Friday, September 02, 2011

Parents who (don't) try: Three cases

On Thursday mornings before I set out for my stint at the local CAB my son often tells me, "Hope you don't get too many benefits cases."

He knows how I detest having to deal with benefits clients who say, "I'm entitled to this. Do this for me. NOW."

Today I was incensed that a client has had his benefits stopped. This man is a refugee from an African country. He has four young children. He was on unemployment benefits and housing benefits because of that.

He decided that he needed to improve his English and signed up for a college course (ESOL Intensive) and did so well that he passed his exams before the end of his course. However as a result of the 15 hours he was studying, plus some mistake made by some civil servant (who turned this into 16 hours), he was deemed "unavailable for work" and therefore his JSA was stopped, leading to his Housing Benefits (which pays his rent) being stopped as well.

Now his landlord is threatening eviction because he has insufficient funds to pay his rent.

A man tries to improve his language skills to improve his chances of finding employment and he is penalized. Now it is going to take at least 50-100 civil servant hours, I imagine, to set it right.

Who really benefits from this? The civil servants, paid by your and my taxes, who are making sure that they still have jobs to go to.

Then my husband tells me he was in a similar situation many, many years ago and took the council (or relevant government department) to the tribunal and won. They then awarded him a fat cheque for arrears in his benefits.

His defence: If they could find him a job he would leave the (accountancy) course he was studying to take up the post. As they could not, he was going to improve his chances of being an accountant instead of sitting at home to watch TV. (He later had a successful career in finance.)

In other words it was OK for someone to receive JSA and vegetate at home. As soon as they try to improve their employment chances they get penalized.

Clever system, innit?

Case 2. Mother with four young children, running wild. A fellow volunteer was trying to help the mother but the children were taking turns to be difficult. The oldest, about eight years old, was trying, but failed, to keep control.

Our reception room was empty. I told the five-year-old to sit on one chair. I told the four-year-old to sit on another chair in another corner. I told the oldest responsible sister to sit in another corner.

I gave the two younger ones colourful brochures. Obviously they could not read. I told them to "count the pages, count the different colours" on the brochures. I told them that their bottoms must remain on the chairs as their mother was being helped. I left them with no adult supervision.

A few minutes later I checked and the five-year-old was kneeling in front of it. At least he had not moved alway from the chair. I told him to get back on, and he did, unhappily. He complained that his older sister was not counting.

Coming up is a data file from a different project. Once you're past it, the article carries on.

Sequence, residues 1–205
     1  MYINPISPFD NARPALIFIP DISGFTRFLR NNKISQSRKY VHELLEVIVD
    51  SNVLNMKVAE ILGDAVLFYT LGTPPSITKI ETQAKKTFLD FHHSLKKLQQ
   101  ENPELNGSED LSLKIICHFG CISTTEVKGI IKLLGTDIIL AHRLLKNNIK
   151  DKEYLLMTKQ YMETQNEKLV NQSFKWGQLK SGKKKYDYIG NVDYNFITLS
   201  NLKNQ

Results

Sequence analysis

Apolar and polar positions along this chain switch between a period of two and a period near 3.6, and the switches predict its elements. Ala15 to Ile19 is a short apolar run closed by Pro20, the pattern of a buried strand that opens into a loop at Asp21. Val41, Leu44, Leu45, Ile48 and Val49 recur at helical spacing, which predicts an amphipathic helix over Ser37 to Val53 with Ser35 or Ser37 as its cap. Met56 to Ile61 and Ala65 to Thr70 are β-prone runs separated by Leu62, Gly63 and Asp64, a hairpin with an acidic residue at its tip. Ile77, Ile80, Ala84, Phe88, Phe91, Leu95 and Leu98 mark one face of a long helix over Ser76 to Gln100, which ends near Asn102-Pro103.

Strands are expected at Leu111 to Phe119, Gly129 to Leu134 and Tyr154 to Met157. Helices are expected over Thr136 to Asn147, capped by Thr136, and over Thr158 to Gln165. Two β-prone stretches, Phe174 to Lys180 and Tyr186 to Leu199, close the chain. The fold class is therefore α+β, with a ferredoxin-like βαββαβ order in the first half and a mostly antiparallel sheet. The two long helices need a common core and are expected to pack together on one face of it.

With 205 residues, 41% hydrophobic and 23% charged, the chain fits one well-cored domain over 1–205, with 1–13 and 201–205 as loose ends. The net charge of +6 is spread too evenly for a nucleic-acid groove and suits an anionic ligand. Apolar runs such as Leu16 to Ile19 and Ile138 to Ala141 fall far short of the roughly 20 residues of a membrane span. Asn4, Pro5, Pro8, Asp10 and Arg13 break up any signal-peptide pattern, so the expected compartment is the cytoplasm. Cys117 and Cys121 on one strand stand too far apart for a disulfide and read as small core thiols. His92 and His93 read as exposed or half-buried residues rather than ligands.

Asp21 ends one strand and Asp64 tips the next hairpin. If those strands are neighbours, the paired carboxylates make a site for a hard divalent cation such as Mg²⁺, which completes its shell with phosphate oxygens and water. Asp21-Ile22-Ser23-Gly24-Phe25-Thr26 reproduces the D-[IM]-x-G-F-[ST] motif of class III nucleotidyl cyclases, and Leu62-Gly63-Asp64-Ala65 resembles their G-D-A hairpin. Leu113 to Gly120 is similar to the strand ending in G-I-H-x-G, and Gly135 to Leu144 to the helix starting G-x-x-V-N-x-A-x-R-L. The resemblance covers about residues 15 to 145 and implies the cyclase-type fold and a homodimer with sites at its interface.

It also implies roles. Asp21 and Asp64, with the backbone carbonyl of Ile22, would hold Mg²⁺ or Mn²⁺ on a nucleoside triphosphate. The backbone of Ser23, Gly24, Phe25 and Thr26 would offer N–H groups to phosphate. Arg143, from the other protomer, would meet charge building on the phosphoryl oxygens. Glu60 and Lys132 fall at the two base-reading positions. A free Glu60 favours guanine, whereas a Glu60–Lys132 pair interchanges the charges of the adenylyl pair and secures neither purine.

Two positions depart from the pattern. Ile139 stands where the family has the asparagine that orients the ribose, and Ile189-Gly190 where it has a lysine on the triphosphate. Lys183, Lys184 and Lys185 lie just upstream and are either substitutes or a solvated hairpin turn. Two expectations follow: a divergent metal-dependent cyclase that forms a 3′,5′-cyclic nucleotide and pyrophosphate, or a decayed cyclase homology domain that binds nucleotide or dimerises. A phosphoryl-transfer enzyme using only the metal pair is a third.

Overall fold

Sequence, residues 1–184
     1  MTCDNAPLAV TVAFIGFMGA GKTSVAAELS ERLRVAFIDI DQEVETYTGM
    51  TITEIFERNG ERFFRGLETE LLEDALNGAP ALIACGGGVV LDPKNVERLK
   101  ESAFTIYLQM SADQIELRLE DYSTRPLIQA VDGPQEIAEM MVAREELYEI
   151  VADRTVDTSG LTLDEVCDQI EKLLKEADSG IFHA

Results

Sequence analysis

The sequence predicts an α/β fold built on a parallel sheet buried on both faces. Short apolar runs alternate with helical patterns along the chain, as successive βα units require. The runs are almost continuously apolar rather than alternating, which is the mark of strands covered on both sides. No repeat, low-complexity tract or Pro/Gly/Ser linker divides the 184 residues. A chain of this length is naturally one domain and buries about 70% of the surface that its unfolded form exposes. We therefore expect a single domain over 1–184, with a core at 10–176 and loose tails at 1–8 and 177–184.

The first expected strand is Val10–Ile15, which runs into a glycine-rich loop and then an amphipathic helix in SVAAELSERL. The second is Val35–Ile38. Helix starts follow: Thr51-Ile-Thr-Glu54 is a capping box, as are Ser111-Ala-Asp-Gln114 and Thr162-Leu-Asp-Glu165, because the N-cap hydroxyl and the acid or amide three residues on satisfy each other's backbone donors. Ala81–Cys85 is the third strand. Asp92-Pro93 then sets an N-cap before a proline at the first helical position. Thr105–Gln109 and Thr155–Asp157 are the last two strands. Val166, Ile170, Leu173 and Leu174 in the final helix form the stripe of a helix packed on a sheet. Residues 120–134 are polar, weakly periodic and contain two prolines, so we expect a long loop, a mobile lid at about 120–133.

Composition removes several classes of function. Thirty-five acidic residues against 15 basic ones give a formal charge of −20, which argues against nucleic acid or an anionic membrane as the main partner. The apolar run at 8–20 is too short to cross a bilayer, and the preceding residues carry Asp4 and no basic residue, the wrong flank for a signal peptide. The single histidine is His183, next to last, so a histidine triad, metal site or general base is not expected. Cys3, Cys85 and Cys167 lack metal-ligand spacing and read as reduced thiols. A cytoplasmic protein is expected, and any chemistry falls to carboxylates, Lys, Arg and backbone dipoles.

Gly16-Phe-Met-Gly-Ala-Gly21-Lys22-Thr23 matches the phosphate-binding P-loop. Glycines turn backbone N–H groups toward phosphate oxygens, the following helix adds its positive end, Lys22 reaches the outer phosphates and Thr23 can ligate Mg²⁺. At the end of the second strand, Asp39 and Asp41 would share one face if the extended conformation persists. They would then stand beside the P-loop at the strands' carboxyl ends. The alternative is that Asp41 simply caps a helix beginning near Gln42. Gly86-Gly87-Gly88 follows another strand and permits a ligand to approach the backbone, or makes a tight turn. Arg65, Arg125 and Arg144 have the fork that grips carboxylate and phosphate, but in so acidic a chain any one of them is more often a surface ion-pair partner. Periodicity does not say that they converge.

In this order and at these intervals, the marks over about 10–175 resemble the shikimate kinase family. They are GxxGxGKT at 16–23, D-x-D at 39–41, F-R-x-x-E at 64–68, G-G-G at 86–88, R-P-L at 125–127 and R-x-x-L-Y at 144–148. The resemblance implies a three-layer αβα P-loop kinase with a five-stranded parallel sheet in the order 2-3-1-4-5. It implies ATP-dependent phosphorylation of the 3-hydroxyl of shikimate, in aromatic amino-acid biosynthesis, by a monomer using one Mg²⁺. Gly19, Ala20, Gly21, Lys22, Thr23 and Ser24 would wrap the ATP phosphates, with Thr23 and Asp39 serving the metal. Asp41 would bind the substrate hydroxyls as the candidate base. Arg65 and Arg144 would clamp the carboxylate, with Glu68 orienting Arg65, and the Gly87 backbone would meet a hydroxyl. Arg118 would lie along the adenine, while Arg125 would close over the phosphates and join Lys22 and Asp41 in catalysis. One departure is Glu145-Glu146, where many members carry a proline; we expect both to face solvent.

I retorted with I had not told her to count, did I? Older sister said she would like to read the brochure he was holding. Told five-year-old to walk over to older sister if he wished to, and give her his brochure. He did and came back to his own chair and climbed back onto it. I gave him another brochure.

I went into the interviewing room twice (when the other volunteer was out) to tell the mother that her children were sitting still and quietly, and that they would be telling her "numbers" when she goes out.

"Thanks," she said with a big smile. She looked very tired. I felt really sorry for her.

The last time I looked in before I left (to tend to my own child) after having left the children on their own, the children were all in their chairs.

I wonder if these children have ever had an adult speak so sternly to them.

Case 3. GP waiting room with my son. GP running very late. Mum with two daughters and a young son came in. We had no peace from that moment on.

At no time did the mum attempt to get her son (maybe two and a half) to sit down or behave. It was the older girl who tried to control him. They kept laughing at the things he did.

I imagine what a terror this young boy would be at school. He did not understand boundaries and the mother did not even act when he was in danger. My son nearly knocked him over when he opened the door but I saw at the last moment through the glass panel that the little boy was on the other side.

I said to little boy as I left, "Perhaps it is bottom on chair time?" The mother glared at me.

Outside my son said, "Mum, you should have let me open the door onto him. It might have been better for all present."

I think my son was right.

But what can you do for families where, culturally, the male child is obviously venerated? How soon before this boy would be bullying his older sisters? How soon before he would be making unreasonable demands and know that he could get away with it because he is THE boy in the family?